Last week the Independence Institute, the feisty little organization I run, delivered over 216,000 signatures to the Secretary of State’s office to place an income tax cut question on next year’s ballot. It would lower Colorado’s income tax rate from the current 4.55% to 4.4%.
I have little doubt that voters will approve it. However, I’m not nearly so certain that our taxpayer-loathing legislature will let it count.
Without the citizens’ initiative, we wouldn’t have term limits or ethics laws or campaign limits, or the Taxpayer’s Bill of Rights or open meetings or open records laws. These are the kinds of policies that citizens want to keep politicians in check. But almost no politician in office really wants any of them (no matter what they say publicly) because it limits their power.
Colorado lawmakers have always attacked our initiative process. Several years ago, I brought forward a successful federal lawsuit over a new law that banned paying petition gatherers by the signature. The law was meant to make sure people like me wouldn’t be able to afford to get reforms on the ballot.
But in the last year, Jared Polis and the Democrat-controlled legislature took the war on the people’s will via initiative full nuclear.
And I’ve never seen anything as arrogant, disrespectful and downright odious in my three decades in politics.
What am I talking about? Well, the legislature has bathed themselves in billions of dollars in tax increases without going to a vote of the people. They do this by calling a tax increase a “fee” increase. They call them euphemisms like “faster fee,” “mill levy freeze” and “hospital provider fee.”
To spit in the face of the people and ignore their expressed will, instead of passing one large tax, “fee”, the legislature broke it into several “fees” that in total is one massive tax increase. This includes an 8 cent-a-gallon gas tax you didn’t get to vote on.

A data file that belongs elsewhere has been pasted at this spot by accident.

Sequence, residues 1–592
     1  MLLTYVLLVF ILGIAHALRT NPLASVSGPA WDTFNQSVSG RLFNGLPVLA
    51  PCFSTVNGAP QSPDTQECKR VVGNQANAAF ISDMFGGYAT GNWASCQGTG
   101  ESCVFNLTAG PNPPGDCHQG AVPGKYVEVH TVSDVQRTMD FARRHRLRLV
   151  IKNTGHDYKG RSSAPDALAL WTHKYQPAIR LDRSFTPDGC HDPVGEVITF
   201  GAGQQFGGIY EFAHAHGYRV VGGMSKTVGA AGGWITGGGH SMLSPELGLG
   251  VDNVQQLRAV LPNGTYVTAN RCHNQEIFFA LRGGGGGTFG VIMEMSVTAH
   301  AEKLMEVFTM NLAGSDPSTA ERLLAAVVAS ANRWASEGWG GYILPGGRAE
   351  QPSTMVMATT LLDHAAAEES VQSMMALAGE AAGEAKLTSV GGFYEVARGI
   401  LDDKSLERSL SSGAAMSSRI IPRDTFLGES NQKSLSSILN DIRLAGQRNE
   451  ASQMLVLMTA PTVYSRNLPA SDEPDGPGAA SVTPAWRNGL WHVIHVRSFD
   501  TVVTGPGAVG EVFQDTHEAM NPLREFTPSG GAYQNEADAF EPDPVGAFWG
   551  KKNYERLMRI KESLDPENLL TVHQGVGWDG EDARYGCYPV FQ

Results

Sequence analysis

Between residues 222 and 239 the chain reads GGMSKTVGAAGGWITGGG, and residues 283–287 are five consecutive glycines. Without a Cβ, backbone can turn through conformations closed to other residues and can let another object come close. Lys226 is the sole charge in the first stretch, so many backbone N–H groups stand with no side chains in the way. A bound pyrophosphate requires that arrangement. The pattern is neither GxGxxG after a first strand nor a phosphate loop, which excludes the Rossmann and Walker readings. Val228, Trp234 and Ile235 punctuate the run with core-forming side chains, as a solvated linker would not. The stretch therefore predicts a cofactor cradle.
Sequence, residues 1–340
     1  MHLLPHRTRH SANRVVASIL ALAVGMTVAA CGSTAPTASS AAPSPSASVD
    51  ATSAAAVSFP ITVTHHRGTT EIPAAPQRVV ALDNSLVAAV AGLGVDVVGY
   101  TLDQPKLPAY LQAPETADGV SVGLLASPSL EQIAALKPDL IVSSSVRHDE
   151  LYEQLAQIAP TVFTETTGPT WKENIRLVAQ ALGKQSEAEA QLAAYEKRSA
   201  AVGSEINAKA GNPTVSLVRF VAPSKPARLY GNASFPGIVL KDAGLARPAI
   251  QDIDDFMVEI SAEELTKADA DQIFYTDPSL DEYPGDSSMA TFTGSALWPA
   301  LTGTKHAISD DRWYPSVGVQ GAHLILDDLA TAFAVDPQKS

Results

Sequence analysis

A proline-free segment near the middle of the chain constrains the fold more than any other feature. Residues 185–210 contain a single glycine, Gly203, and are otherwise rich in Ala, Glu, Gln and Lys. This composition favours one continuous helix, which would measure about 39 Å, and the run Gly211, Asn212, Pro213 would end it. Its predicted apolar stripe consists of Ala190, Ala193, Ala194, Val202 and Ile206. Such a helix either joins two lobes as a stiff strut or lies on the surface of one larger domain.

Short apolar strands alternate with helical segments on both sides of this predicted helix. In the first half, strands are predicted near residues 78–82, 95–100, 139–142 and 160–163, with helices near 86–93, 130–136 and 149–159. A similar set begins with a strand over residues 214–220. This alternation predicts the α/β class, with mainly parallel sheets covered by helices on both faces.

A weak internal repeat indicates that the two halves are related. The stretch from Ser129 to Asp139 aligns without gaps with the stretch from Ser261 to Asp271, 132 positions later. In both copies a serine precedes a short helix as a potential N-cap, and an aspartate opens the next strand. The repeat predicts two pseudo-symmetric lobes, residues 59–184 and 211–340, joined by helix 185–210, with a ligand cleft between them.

The message from Polis and his legislature was clear enough: screw you. No matter how often you demand consent over what we do to you, we will find a way to avoid your consent.
As if that wasn’t enough, knowing that a mill levy tax cut for residential property owners — Prop 120 — was going to be on the 2021 ballot via the initiative, the legislature passed a bill to pervert and hijack it. This is why 120 failed last week.
The legislature changed the legal definition of “residential” property so that Prop 120’s tax cut wouldn’t go to homeowners as originally intended.
This “win at any cost” operating system from Polis and his progressives makes Richard Nixon look like a girl scout.
An important aside here: if voters didn’t repeal the Gallagher Amendment in 2020, the legislature wouldn’t have been able to pull this hoax. Gallagher, which was in the state Constitution, prevented renaming property categories.
To retard the power of the initiative and prevent future tax cuts, the legislature passed a bill last session to put an ugly, scary and inaccurate preamble on the ballot to proceed any tax cut question. Think of it as the Surgeon General’s warning on your ballot that says, “if you vote for the following tax cut it will cause birth defects in unborn babies.”
Fortunately, my income tax cut just made it under the wire.
But here’s my fear. Like what they did to destroy Prop 120, will the legislature do something to invalidate this income tax cut they know voters will pass?
It’s something citizens who brought forward initiatives have never had to think about before in Colorado history.
Sure, after an initiative becomes law, the legislature can reverse it (assuming the change was to statute not the Constitution). This happened after voters passed campaign donation limits in the 1990s. But never before has a governor, and legislature, sabotaged initiatives before the people got to vote on them.
Something has the scent of tyranny.
Jon Caldara is president of the Independence Institute, a free market think tank in Denver.
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